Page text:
Our world is full of mysteries and some of them forces us to think what we know about humanity, and how we got to where we are today.
Turkey’s Göbekli Tepe is one of the most researched yet unsolved mysteries. The site, located at the top of a mountain ridge, is comprised of more than 200 pillars, up to 20 feet in height and weighing up to 20 tonnes, arranged in roughly 20 circles. Many of the pillars have predatory animals engraved on them. Structures like this are found in every corner of the world but what made Gobekli Tepe a mystery is the period when it was built. As per the data available on various archeological sites, Gobekli Tepe was built more than 13,000 years ago, predating Stonehenge by more than 8,000 years.
Its existence and the time when it was built are totally in contrast with the conventional view of the rise of civilization. It was the time of hunter-gatherers, and making a religious structure by them is not only incredible but a big question. Prior to the discovery of this site, we believed that the people of that time lacked complex symbolic systems, social hierarchies, and the division of labour — three most important things required for building a 22-acre massive temple. Also, formal religion is supposed to have appeared only after agriculture produced such hierarchical social relations.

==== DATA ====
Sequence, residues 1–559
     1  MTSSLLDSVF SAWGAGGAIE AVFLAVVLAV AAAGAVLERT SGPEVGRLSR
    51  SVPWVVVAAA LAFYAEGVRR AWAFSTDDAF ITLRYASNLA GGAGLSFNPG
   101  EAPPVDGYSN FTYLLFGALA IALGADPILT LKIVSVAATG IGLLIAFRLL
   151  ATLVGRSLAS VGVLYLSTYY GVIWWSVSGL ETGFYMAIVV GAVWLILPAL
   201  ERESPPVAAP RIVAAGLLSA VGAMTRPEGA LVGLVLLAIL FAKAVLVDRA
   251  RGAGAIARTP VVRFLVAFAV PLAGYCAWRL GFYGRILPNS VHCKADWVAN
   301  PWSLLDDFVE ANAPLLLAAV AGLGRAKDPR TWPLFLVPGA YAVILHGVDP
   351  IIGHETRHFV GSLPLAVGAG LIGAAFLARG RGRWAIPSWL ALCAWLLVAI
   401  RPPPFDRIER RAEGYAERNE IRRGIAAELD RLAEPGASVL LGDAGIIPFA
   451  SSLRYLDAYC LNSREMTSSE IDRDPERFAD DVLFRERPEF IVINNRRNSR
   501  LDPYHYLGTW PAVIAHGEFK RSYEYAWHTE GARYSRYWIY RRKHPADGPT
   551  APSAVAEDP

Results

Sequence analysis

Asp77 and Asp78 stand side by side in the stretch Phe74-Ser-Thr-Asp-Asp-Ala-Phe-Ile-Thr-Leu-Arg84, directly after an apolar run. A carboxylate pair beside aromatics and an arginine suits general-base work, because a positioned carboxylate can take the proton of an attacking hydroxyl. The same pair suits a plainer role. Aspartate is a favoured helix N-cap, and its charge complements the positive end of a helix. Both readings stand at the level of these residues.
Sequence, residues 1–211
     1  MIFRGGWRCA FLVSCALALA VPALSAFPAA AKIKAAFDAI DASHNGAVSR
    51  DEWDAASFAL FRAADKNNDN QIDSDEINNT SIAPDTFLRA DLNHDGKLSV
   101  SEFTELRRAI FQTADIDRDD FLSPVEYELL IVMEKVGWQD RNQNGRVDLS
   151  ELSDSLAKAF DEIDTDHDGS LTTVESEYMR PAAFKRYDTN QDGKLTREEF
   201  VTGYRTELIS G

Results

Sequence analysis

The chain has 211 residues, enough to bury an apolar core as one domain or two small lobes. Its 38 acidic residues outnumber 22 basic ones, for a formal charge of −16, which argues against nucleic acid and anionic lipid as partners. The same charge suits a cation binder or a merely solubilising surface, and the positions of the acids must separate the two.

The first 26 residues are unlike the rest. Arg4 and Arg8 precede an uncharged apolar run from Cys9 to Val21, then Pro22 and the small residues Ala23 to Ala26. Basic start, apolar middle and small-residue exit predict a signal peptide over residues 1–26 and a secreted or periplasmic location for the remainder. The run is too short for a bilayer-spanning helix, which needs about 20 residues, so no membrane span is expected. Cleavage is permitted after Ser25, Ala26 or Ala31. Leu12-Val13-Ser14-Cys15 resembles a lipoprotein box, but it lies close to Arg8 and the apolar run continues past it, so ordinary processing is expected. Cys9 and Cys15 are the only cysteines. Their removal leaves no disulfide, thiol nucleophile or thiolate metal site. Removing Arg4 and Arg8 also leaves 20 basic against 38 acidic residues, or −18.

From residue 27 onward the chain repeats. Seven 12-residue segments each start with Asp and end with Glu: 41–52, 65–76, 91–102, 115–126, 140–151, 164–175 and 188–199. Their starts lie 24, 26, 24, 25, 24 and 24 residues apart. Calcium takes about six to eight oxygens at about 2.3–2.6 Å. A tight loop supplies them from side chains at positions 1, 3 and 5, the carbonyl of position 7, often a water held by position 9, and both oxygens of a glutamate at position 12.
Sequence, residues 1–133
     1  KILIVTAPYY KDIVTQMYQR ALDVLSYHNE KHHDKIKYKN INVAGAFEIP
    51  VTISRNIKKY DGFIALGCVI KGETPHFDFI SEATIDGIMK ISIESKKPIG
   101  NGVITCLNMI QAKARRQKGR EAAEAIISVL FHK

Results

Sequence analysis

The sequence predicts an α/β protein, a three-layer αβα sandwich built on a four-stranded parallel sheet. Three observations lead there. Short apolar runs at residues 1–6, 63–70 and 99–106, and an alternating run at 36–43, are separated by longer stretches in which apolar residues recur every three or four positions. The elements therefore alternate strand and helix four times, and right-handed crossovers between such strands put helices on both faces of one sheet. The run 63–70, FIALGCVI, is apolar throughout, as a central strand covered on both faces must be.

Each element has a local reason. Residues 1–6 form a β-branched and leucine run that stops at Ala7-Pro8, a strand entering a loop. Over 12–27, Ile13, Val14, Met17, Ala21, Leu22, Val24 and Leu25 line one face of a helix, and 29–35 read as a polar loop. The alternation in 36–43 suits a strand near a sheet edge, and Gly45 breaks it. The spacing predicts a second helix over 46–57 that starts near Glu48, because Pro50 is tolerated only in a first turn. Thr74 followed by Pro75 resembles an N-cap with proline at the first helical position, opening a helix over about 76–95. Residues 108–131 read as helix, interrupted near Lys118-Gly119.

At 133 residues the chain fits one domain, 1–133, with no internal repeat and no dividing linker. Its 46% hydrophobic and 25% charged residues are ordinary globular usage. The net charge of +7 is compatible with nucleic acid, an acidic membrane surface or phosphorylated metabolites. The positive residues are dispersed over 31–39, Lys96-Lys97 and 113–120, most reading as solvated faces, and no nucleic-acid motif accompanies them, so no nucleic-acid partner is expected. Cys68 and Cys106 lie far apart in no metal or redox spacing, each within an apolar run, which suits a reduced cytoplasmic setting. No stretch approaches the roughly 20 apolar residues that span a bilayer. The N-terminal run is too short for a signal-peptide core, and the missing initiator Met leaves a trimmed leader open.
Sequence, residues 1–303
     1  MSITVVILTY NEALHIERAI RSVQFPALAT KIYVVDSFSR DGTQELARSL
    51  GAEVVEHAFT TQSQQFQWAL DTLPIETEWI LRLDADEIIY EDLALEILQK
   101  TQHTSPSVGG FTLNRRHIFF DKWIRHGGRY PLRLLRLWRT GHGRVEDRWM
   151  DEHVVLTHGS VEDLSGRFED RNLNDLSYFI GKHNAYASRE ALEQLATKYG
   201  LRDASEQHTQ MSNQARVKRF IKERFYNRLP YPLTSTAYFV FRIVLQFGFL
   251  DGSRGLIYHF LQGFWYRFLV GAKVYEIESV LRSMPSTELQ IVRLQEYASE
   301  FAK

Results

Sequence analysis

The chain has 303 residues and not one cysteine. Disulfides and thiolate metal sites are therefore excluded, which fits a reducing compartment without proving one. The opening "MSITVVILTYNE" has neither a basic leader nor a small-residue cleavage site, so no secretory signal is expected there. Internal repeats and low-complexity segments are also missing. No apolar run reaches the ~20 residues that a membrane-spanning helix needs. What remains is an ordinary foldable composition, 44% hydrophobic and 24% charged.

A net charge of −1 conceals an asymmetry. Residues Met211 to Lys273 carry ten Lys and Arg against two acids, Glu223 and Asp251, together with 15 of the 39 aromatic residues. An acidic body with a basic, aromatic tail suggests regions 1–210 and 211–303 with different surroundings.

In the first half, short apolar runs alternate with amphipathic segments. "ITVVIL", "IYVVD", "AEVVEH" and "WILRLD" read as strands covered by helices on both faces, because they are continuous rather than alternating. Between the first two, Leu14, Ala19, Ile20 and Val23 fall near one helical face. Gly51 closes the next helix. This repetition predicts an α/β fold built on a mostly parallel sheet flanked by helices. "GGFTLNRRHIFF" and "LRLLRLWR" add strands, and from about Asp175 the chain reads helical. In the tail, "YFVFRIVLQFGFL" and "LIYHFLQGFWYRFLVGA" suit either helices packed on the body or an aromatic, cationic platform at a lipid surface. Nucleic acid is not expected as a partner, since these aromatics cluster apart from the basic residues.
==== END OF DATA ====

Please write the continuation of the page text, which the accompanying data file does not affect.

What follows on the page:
The findings at Göbekli Tepe, however, suggest that we might just have the story backward — perhaps it was the need to build a sacred site that first fuelled hunter-gatherers in their quest to organize themselves as a workforce, to settle down in one place, to secure a stable food supply, and to, eventually, invent agriculture. But the existence of the site raises far more questions than it answers. How did nomadic, Neolithic man manage to organize a workforce to complete this site? Why was it built?
How come it predates similar structures by thousands of years? Excavation started on the site in 1996, and most of it still remains to be unearthed, but for now these questions must go unanswered.